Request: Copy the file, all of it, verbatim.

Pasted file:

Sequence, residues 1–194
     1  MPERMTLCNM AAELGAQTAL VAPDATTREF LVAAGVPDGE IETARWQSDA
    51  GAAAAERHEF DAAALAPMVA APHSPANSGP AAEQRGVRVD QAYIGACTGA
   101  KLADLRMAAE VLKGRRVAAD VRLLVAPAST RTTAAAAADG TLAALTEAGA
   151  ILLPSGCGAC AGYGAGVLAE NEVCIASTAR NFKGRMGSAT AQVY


Sequence, residues 1–194
     1  MPERMTLCNM AAELGAQTAL VAPDATTREF LVAAGVPDGE IETARWQSDA
    51  GAAAAERHEF DAAALAPMVA APHSPANSGP AAEQRGVRVD QAYIGACTGA
   101  KLADLRMAAE VLKGRRVAAD VRLLVAPAST RTTAAAAADG TLAALTEAGA
   151  ILLPSGCGAC AGYGAGVLAE NEVCIASTAR NFKGRMGSAT AQVY